Great copy is more than just an afterthought. We all want a website that truly works as your always-on-duty sales partner. We all want marketing materials that truly resonate with your audience.
That means your messaging is more than an afterthought. Too many business spend thousands on website redevelopment, only to populate the pages with a message that misses the mark, for one reason or another.
Great copy is what keeps people invested. It’s a headline that convinces them a click, and a call to action that convinces them to buy. It’s a compelling message between those two points. The commandments of great copy ring true whether you are in the b2b or b2c niches.
The 11 Commandments of Great Copy
It Provokes Emotion – We all fancy ourselves rational people. We’re all logical and well reasoned. The truth is, we don’t buy a convertible because this one has parts that are built to structurally last longer.
We buy a convertible because of the freedom. We buy a convertible because who wouldn’t love the wind blowing in your hair at 80 miles per hour on the Interstate? This goes beyond cars. We buy the computer that helps us get more done, the clothes that make us look better, and the coffee maker with the timer so that we can prep our morning drinks the night before. In other words, we’re not just buying a product. We’re buying how that product will make us feel. Emotion is also achieved through a masterful reveal of the benefits.
We want to feel safe, fulfilled, happy, and empowered. Emotion is the key ingredient that provokes the person reading your great copy to pull out their wallet and pluck down their credit card. You don’t get that by simply going through the motions.
Self Understanding – Great copy also requires a certain level of self-understanding. You have to have a firm understanding of your product or service, and be able to convey the value proposition in a meaningful way. How do you solve other people’s problems? What is your background and expertise in the field?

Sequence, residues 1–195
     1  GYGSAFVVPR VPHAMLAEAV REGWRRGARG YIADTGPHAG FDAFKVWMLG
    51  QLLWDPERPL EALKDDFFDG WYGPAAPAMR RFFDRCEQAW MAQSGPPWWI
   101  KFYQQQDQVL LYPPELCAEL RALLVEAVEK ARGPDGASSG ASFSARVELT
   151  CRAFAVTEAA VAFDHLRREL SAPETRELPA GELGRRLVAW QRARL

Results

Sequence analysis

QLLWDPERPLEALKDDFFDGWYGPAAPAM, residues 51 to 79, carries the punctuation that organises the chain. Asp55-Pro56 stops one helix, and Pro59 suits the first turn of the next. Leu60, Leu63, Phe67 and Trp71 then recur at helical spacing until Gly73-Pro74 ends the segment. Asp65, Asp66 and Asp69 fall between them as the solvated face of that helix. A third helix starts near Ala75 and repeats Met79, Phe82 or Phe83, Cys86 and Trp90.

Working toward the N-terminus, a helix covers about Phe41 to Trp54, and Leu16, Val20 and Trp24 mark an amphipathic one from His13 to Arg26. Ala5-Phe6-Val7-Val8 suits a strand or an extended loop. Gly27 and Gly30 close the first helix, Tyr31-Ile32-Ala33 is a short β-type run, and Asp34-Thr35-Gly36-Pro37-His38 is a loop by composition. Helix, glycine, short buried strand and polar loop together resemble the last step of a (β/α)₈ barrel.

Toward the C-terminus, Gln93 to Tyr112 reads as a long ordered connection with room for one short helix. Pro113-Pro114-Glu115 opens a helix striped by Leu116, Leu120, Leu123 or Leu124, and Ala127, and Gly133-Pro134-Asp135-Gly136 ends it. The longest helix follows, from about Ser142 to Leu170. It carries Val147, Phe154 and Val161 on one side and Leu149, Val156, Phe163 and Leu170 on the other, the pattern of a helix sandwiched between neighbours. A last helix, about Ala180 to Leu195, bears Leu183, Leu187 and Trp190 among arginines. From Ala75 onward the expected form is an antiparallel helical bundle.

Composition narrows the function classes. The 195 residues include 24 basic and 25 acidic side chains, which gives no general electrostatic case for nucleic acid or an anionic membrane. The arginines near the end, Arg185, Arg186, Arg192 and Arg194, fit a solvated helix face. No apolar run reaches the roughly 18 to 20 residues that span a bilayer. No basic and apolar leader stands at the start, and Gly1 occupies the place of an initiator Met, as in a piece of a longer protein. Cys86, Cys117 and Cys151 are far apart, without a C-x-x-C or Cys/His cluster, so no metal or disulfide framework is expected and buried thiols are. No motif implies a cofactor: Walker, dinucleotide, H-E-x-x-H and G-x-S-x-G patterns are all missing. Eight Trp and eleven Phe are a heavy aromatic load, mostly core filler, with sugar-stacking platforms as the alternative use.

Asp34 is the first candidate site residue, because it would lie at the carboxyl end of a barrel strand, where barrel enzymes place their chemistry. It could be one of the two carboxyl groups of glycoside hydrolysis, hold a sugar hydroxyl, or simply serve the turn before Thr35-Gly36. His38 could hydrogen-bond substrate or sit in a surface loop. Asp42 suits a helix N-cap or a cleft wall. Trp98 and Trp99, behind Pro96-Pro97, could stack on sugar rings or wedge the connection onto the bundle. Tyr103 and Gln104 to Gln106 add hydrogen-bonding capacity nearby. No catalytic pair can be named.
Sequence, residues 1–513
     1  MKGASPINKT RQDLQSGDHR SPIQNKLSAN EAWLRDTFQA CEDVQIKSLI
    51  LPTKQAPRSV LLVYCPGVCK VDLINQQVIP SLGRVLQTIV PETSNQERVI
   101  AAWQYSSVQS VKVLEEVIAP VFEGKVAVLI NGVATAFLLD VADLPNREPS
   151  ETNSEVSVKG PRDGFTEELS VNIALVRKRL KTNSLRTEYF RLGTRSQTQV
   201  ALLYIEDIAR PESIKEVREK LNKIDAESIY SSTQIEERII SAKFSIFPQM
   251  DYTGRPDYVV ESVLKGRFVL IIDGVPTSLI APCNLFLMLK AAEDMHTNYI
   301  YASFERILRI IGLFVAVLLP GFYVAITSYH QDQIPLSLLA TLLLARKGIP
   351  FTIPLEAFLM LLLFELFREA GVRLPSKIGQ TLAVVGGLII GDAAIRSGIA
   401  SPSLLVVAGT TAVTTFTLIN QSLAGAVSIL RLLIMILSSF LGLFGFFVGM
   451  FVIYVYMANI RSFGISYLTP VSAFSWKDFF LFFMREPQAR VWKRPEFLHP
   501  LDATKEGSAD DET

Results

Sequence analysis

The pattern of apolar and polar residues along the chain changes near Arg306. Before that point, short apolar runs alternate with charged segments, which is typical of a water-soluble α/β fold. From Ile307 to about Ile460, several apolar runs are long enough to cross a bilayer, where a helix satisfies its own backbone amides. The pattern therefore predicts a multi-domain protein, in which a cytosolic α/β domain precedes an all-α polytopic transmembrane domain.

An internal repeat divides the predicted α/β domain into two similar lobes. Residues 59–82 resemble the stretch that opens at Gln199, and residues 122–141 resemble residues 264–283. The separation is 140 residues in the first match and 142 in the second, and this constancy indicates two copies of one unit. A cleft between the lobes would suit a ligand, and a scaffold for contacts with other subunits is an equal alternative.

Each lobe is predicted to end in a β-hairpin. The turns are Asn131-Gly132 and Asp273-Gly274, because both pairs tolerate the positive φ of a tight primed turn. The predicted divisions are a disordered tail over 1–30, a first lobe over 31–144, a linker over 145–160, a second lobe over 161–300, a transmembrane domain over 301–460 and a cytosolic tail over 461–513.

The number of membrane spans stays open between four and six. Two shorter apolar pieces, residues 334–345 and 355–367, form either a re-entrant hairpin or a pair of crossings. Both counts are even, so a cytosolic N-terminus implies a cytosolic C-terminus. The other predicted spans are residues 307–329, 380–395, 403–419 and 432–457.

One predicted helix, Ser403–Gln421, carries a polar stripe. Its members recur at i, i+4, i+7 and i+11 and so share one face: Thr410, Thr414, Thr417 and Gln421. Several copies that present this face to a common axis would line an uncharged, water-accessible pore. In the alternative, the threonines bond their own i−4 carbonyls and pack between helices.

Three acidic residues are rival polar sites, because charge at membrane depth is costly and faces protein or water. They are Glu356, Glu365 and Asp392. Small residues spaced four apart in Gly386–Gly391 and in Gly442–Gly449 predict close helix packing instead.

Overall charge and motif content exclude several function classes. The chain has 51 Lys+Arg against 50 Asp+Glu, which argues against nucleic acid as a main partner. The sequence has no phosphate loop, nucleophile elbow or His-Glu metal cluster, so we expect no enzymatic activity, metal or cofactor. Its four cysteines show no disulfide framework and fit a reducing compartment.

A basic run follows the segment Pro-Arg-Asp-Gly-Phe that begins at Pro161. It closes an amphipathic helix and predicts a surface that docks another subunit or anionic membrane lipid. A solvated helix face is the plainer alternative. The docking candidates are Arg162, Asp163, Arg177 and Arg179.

It’s not about boasting. It’s about positioning yourself in a way that your readers will get to know, like and trust you. It’s about having the level of clarity on your own work required to convey your messaging to your audience.
Knowledge of Audience – Speaking of your audience, you’ll need a firm understanding of where they are coming from as well. Great copy requires being able to shift perspective, and write about what matters most to your readers. It requires a keen understanding of the issues facing your customers, and how you can best address them.
The issues you want to write about and the issues facing your customers may not always be the same thing. But your readers have other options for finding the relevant answers within their research. If they don’t see it through you, they may find it somewhere else.
It’s Convincing – Do you remember those persuasive papers that your English teacher used to make you write in high school? They weren’t completely useless. Even in your most informative and educational blog posts, you’re still trying to convince your reader to go with you.
What are the benefits of your product? How does your product make your readers’ lives better? Why can’t they go another day without what you have to offer? Make sure that you convey the benefits wherever you can. Learn what makes people buy your stuff. You can reread your reviews, testimonials or LinkedIn recommendations for inspiration.
Take a look at the best trigger words. Work them into your copy wherever they fit. We tend to focus on the dragons, when sometimes it’s the gnats that are taking us down.
Impeccable Word Choice – Word choice matters in so many ways. It matters in persuasion, as mentioned above. But it also matters in keeping your reader engaged in your content. For example, you probably know more about the inner workings of your industry than your customer. So if you’re using unexplained acronyms, or complicated jargon, you’re giving your reader reason to stop, or choose someone else.